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I was recently writing a blog post about checking if jquery elements exist before binding event handlers, I did a quick jsfiddle which you can see here

The thing I dont understand, is that the results show (using chrome to measure in microseconds) that test 2 is a lot faster then test 1.

You'll see from the jsfiddle that test 2 checks the existent of the matching before binding a click event

TEST 1 is:

console.time('time_1');
    $('.yep').click(function() {
      alert('clicked');
    });
    console.timeEnd('time_1'); 

test 1 just tried to bind the event

TEST 2:

console.time('time_2');
if ($('.yep').length) {
  $('.yep').click(function() {
    alert('clicked');
  });
}
console.timeEnd('time_2');

test 2 check the element exists before binding.

I am running the two bits of code on some, 87 I think 'section' elemenets, one of which has a class of 'yep'

I cant really see why the second test is faster, as its doing more work.

results:

time_1: 0.856ms 
time_2: 0.146ms 

Can anyone shed some light and help out a confused developer.

thanks

n.b please dont reply with alternative ways to bind click events in jquery, the .click is just used as a simple test

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That's not a reliable manner of comparing performance. Try jsperf –  David Hedlund Dec 14 '12 at 7:14
1  
I'm confused. Which is test one and which is test two? Do they appear in the right order in the question? –  Beetroot-Beetroot Dec 14 '12 at 7:15
    
@Beetroot-Beetroot: No, test2 is the first test in the question. –  David Hedlund Dec 14 '12 at 7:15
1  
Thanks @David Hedlund. atmd, that's bound to confuse. Suggest you add comments to make it clear which case is faster and which is slower. –  Beetroot-Beetroot Dec 14 '12 at 7:19
    
@Beetroot-Beetroot Sorry, Iv not made it very clear. the rush to get the question out. Have edited it to make more sense. –  atmd Dec 14 '12 at 9:04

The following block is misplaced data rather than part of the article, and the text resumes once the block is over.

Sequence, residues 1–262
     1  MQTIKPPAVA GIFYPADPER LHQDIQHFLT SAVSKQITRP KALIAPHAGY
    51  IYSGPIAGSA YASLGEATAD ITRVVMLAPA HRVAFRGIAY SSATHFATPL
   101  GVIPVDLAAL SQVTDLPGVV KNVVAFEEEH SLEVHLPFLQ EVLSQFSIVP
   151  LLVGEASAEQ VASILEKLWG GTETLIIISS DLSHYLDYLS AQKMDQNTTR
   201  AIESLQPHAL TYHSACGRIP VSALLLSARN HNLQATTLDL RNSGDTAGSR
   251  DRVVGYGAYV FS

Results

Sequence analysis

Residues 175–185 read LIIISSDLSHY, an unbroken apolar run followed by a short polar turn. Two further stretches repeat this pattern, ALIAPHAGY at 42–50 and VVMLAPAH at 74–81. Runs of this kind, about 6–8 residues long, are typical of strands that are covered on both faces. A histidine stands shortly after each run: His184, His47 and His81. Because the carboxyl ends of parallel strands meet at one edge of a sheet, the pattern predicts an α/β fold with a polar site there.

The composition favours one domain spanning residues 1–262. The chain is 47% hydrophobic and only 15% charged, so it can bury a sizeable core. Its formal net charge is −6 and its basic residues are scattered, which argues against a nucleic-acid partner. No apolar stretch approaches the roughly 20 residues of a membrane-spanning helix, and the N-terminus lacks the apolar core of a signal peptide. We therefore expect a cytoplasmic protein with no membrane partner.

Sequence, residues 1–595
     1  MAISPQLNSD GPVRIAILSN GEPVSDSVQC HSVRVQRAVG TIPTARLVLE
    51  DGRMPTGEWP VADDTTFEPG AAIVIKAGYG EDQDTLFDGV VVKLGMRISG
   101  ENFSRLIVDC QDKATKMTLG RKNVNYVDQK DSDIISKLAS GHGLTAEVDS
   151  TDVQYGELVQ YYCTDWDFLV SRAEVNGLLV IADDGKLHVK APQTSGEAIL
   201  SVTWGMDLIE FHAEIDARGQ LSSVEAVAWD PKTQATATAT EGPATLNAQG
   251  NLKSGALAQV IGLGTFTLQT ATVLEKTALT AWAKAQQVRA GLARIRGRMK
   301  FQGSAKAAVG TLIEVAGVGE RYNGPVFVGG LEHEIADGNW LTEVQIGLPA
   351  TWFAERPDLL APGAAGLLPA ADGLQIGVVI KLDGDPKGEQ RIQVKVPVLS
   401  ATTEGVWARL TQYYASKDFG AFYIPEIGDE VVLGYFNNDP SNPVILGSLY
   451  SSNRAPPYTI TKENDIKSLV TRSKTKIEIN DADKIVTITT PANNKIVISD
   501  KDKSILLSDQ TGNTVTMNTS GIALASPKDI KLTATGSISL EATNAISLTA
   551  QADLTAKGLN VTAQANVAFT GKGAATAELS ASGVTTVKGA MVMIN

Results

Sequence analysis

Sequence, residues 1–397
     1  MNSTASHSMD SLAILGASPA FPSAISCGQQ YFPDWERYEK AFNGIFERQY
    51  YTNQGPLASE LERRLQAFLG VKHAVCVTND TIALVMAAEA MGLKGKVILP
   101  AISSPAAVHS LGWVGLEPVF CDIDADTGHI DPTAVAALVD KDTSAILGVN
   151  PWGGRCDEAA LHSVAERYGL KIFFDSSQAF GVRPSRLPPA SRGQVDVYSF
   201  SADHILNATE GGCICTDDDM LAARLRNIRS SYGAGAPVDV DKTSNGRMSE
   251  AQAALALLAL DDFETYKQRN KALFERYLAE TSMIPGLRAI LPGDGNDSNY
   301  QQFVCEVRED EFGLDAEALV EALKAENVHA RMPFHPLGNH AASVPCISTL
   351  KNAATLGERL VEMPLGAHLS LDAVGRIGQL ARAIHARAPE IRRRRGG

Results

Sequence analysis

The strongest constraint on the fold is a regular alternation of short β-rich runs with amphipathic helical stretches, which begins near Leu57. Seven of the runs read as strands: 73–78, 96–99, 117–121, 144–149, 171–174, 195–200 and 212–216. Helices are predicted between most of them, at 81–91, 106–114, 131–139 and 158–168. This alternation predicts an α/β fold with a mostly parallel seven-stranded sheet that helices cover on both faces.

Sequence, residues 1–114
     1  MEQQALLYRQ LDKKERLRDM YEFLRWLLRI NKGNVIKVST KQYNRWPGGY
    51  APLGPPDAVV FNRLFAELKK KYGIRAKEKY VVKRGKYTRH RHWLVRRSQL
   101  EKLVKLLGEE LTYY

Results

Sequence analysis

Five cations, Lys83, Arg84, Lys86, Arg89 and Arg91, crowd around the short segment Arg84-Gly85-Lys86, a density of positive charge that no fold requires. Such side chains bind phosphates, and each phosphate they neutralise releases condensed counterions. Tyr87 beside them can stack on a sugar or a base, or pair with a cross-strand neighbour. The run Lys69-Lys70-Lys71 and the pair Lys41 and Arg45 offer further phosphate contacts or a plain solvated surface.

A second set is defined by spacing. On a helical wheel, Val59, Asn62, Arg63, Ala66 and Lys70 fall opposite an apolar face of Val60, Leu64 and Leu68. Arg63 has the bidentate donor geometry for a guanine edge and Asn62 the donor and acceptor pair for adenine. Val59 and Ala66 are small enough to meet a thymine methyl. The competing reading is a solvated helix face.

1 Answer 1

up vote 5 down vote accepted

The primary thing going on here is that the first time you query a selector, the engine has to do more work than subsequent queries, which can sometimes be cached. If you reverse the first two tests, you'll find that whichever one runs first tends to be the slower one.

Despite that, and mostly as a side note, in test 2 you're querying the DOM twice, first to check the length, and then to hook up the handler. If the query is cached it doesn't matter much, but still, just do it once:

console.time('time_x');
var yep = $('.yep');
if (yep.length) {
  yep.click(function() {
    alert('clicked');
  });
}
console.timeEnd('time_x');

Note, though, that calling click on a jQuery set with no elements in it is a harmless no-op (not an error or anything), so there's no need for the length check unless you're also doing something else you haven't shown.

share|improve this answer
1  
TJ, are you sure you've got the two cases round the right way? See my comments above. –  Beetroot-Beetroot Dec 14 '12 at 7:24
    
@Beetroot-Beetroot: I worked on the basis of the results of the fiddle, which has the tests in a reasonable order and behaves as I outline above. The first test quoted in the question is test 2, which is the second test in the fiddle. (I'm the one who upvoted your comment about the question being very confused.) –  T.J. Crowder Dec 14 '12 at 7:27
    
TJ, OK what you say makes 100% sense. The question doesn't. –  Beetroot-Beetroot Dec 14 '12 at 7:29
    
@Beetroot-Beetroot: I just noticed that I said "test 1" in the answer where I should have said "test 2"! Thank you. –  T.J. Crowder Dec 14 '12 at 7:29
    
TJ, notwithstanding the fiddle, then why should test 2 be faster then test 1? –  Beetroot-Beetroot Dec 14 '12 at 7:32

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